In addition to becoming an editor for 186 South College, I am also officially a Writing Fellow this semester. I remember sitting in my E110 class on my first day of college three years ago and meeting my assigned Writing Fellow for the first time. She explained what the program was, how we could all benefit from it, and finally how she was going to help us adapt to collegiate writing. As soon as she was done speaking, I knew I wanted to join the program. As a double major in English and History, writing has always been my utmost passion and when I found out the Honors Program employed students to help others become better writers, I was itching to sign-up.

When the time came my sophomore year to apply for the program, I was telling anyone who would listen that nothing was more important to me than writing a great application essay and then being invited to take E316 in the spring. I worked to make a good impression during my interview, presented myself as a suitable candidate, and hoped I would be allowed to get one step closer to actually becoming a Writing Fellow. After two weeks of nerves and constantly reverting back to things I had said during my interview, I got the e-mail that I was accepted into E316: Peer Tutoring/Advanced Composition. All Writing Fellows have to take this course prior to becoming an official member of the program; the class helps us become better writers and better tutors so we can effectively help freshmen with their writing. E316 is one of my favorite English courses I have taken here at UD and although I was sad to see it come to an end last May, I was excited for the next step—getting assigned my own Honors E110 or Colloquia class to work with.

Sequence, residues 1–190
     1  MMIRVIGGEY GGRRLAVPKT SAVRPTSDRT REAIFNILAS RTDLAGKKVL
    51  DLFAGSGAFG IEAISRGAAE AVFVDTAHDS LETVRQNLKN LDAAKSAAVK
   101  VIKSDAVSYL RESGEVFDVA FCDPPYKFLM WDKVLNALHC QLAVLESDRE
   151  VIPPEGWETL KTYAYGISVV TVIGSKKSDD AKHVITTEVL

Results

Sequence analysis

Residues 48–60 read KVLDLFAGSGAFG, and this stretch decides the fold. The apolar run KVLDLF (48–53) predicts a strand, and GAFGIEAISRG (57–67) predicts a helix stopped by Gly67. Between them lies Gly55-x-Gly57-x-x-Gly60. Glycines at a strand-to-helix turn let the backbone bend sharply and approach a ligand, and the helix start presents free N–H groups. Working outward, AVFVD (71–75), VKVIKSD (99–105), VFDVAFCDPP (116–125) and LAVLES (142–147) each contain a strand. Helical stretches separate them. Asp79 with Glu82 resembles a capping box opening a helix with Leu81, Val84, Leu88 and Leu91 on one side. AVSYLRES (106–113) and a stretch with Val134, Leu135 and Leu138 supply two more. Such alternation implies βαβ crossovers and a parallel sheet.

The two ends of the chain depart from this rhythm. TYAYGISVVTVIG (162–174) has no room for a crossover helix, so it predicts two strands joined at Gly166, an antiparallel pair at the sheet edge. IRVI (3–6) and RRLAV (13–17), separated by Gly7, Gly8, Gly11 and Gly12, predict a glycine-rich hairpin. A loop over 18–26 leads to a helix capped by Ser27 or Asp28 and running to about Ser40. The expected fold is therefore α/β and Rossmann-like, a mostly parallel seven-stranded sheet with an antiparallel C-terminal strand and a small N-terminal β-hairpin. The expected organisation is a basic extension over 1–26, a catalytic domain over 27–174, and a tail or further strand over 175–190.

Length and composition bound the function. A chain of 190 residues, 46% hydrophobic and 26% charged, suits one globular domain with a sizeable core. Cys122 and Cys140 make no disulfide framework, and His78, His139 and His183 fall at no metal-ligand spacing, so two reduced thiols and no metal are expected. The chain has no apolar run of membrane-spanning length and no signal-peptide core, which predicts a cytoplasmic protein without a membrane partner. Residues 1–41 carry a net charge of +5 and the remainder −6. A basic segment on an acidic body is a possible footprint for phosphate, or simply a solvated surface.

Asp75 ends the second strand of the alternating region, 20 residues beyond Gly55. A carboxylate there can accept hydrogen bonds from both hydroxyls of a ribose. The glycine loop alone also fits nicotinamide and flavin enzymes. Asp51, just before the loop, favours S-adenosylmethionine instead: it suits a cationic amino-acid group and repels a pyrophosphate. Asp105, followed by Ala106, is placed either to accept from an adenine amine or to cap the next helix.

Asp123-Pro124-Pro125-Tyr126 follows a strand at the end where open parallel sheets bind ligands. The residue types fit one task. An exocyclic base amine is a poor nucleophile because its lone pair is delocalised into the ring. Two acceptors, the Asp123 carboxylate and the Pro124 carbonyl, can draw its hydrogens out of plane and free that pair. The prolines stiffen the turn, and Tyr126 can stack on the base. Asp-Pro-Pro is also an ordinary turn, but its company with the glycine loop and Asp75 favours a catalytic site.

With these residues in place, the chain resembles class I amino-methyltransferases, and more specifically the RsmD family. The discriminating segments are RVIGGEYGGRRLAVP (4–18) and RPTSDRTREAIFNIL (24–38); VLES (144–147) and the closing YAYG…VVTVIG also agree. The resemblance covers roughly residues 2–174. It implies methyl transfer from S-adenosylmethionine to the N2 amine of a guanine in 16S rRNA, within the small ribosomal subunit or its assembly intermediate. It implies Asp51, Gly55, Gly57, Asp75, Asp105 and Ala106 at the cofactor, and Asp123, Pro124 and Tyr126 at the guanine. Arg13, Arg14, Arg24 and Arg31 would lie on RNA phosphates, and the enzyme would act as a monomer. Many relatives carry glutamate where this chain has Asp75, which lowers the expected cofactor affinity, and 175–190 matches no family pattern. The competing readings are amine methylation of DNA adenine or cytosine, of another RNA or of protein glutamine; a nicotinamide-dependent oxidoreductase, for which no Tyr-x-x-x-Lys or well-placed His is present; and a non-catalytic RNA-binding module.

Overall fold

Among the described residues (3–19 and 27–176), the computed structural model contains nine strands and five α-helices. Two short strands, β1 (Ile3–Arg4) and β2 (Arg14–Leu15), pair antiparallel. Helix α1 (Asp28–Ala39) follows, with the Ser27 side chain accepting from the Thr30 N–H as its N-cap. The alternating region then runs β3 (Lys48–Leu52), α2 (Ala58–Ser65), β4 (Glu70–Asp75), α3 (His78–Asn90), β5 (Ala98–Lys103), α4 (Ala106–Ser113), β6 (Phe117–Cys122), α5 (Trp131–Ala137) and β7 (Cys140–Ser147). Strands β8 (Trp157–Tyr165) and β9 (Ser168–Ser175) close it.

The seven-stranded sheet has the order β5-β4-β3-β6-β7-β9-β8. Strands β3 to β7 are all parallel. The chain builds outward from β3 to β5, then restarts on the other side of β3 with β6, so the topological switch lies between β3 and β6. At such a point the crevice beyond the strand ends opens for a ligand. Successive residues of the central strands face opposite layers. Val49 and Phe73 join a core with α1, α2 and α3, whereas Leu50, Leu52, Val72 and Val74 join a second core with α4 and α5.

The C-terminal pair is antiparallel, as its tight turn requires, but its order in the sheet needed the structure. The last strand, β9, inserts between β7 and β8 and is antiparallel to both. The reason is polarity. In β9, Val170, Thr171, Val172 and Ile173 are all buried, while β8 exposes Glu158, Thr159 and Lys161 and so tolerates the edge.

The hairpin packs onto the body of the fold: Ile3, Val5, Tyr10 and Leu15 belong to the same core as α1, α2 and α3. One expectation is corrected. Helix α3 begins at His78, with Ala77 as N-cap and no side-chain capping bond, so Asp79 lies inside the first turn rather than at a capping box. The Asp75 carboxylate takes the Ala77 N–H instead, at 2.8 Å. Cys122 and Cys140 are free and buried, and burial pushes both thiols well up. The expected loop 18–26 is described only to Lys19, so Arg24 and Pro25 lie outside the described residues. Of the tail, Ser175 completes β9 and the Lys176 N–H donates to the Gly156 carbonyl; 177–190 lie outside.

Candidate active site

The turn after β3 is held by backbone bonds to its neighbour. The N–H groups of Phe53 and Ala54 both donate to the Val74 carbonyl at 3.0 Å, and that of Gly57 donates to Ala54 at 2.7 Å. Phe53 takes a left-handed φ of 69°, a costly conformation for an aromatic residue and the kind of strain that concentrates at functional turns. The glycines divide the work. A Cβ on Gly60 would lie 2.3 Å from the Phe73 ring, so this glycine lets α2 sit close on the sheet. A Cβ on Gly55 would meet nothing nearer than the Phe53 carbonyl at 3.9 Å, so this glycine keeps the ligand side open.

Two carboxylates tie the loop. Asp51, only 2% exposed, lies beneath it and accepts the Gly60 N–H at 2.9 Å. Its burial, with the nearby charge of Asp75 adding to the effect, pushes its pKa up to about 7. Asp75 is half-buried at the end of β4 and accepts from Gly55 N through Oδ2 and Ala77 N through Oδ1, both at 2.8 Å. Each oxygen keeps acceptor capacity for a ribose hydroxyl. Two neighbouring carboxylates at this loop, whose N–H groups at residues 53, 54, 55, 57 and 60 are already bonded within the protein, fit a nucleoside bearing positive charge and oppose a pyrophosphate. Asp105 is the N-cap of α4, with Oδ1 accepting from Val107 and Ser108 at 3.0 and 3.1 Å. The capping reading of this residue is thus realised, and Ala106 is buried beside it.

A goal I set out for myself freshman year was finally accomplished this fall. I could not be happier with the Honors Colloquia I was assigned (a class that looks at plantations and slavery) and I find so much joy in having individual conferences with my group of students. In a way, I rediscover my love for writing every time I read one of their papers; I had become so conditioned to just producing papers by the dozen for both of my majors that I think I lost some of the passion I entered college with. It became a very methodical process for me and now, sitting with freshman and walking them through their papers and answering their questions about writing, I now once again appreciate the complexities of writing and have re-found my passion for telling stories and critically analyzing texts.

The Writing Fellows Program has given me so much here at UD; it has introduced me to a new community of students, it has made me become a better writer and tutor, it has challenged and stimulated my intellectual curiosity, and most importantly, it has allowed me to reconnect with my first love—writing.

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